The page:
Lump sum or regular income… what’s your best option?
With previous employers offering huge pension transfer values and schemes being more flexible than you thought. What is your best option as you enter into, or continue your retirement.
Defined benefit scheme
As many at 5 million people have built significant pensions through years of service and salary. These schemes begin paying out at a set retirement age – usually 65. However, they can be flexible and improve your financial situation. Most schemes are much more flexible than most people realise and we would always recommend speaking to a financial advisor to discover the full potential of your pension.
Workplace pensions hold various benefits. A guaranteed income and annual increases based on inflation are just a couple of the attractive reasons to hold on to your pension scheme. As well as having favourable tax treatment under ‘lifetime allowance’ rules.
A recent report by Royal London highlights the benefit of holding onto such plans.
So why are pension transfers offered? Simply put, people are living longer. This means that employers are having to pay out more and more in order to fulfil the pension schemes promised to their former employees. However, by offering a pension transfer the full responsibility is shifted onto the pensioner and the company no longer needs to make pay-outs. This is so beneficial for the business that some are offering transfers with a value up to 40 times the value of the pension at retirement.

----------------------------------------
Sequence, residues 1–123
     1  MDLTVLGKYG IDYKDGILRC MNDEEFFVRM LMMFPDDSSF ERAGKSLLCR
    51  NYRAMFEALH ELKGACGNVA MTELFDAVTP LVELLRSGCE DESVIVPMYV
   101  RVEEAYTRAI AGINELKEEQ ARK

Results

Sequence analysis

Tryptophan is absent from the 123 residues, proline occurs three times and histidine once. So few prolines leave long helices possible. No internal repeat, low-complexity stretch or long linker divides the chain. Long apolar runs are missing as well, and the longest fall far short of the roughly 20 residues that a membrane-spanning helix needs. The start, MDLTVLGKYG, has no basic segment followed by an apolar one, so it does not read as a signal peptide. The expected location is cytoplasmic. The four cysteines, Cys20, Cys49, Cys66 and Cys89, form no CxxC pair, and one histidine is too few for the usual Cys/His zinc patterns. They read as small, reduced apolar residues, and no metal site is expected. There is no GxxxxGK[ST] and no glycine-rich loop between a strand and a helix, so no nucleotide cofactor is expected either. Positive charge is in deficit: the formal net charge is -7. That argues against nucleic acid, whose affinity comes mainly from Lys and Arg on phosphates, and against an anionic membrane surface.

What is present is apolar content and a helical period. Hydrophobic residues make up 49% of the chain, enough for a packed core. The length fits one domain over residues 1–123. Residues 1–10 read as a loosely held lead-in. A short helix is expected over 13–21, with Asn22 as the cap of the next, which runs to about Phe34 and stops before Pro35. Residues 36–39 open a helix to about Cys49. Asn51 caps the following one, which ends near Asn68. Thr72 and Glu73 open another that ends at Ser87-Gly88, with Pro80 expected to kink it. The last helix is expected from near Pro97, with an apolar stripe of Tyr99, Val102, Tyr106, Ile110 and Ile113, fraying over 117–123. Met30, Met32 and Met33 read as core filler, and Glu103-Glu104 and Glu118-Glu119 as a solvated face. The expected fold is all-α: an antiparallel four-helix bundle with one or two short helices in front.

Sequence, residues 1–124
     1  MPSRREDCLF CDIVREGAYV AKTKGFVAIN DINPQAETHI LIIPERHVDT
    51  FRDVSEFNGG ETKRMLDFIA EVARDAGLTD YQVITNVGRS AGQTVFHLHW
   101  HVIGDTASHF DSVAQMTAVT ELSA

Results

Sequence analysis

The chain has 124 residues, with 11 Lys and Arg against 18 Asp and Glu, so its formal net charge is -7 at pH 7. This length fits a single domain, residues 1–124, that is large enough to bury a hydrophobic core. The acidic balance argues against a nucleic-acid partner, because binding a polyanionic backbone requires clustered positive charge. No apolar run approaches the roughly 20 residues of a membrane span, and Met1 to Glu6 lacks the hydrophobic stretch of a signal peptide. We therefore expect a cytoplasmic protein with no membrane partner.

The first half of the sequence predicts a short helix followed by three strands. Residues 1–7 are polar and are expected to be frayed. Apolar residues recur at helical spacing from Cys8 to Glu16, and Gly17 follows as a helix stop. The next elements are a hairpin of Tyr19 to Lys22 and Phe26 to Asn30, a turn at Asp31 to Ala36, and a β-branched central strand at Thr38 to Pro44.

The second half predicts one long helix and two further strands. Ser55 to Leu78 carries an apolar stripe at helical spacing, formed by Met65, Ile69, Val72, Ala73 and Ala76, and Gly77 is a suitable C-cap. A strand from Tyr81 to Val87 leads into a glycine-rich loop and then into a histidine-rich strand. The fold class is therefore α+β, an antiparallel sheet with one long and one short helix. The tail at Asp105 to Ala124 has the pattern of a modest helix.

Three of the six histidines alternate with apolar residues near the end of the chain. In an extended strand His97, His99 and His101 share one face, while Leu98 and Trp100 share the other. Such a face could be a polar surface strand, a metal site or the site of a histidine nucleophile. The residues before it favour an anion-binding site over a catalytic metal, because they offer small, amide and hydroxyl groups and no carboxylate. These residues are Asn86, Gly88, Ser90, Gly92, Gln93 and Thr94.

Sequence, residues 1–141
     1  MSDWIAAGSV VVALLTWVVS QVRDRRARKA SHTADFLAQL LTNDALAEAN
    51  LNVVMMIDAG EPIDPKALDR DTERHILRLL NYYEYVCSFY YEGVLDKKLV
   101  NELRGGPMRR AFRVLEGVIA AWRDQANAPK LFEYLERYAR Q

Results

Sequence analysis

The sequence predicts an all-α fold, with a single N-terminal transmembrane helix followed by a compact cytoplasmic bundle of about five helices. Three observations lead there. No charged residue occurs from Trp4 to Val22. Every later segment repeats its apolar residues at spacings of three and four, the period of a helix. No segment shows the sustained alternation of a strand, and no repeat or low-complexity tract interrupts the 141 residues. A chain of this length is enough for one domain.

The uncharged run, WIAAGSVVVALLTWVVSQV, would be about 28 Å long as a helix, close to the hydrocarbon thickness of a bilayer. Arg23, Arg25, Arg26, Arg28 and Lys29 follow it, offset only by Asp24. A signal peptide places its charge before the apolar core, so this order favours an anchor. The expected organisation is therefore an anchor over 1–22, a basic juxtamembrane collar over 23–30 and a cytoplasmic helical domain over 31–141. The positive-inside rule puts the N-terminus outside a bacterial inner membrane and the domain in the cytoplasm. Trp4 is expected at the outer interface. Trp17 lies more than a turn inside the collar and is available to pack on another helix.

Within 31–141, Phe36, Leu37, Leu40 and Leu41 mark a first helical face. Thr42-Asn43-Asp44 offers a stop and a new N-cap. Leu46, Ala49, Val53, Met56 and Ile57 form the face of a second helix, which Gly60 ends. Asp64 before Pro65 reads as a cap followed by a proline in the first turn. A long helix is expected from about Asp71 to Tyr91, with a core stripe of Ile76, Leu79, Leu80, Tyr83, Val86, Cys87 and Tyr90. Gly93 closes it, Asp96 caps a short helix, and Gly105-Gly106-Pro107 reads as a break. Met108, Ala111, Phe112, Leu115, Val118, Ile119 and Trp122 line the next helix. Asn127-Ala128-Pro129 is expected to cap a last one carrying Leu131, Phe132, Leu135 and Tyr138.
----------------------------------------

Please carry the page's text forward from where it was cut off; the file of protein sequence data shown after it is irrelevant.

Transferring your pension can be hugely beneficial. A full transfer will allow you full control of your pension pot, making it easier to withdraw cash or pass it on to future generations.
Fortunately, there are options open to you when it comes to your pension.
You can leave it in a defined benefit pension scheme which will afford you to guaranteed income, increases based on inflation and favourable tax benefits.
Some firms will allow you to take your pension at an earlier age than originally agreed. This will mean your pension is paid at a lower rate (for the entirety of your retirement) but allows for the same benefits as standard and you have access to your pension early.
You may be able to take a proportion of your pension, if you’re in need of a lump sum of cash. This, however, may be subject to tax and your options depend on your particular scheme.
Finally, you can do a complete pension transfer. This could be at a very favourable rate and provide much more flexibility in your financial situation.
We would strongly recommend knowing the ins and outs of your scheme and speaking to an adviser about your best options. Large transfer values may be deceiving, remember, this money must last the rest of your life. With that said, however, taking a full transfer with a large value will allow for strong investments to be made – generating a return and maximising your pension fund.
We recommend speaking to an adviser to explore all the options available to you and what will be best for your and your beneficiaries futures.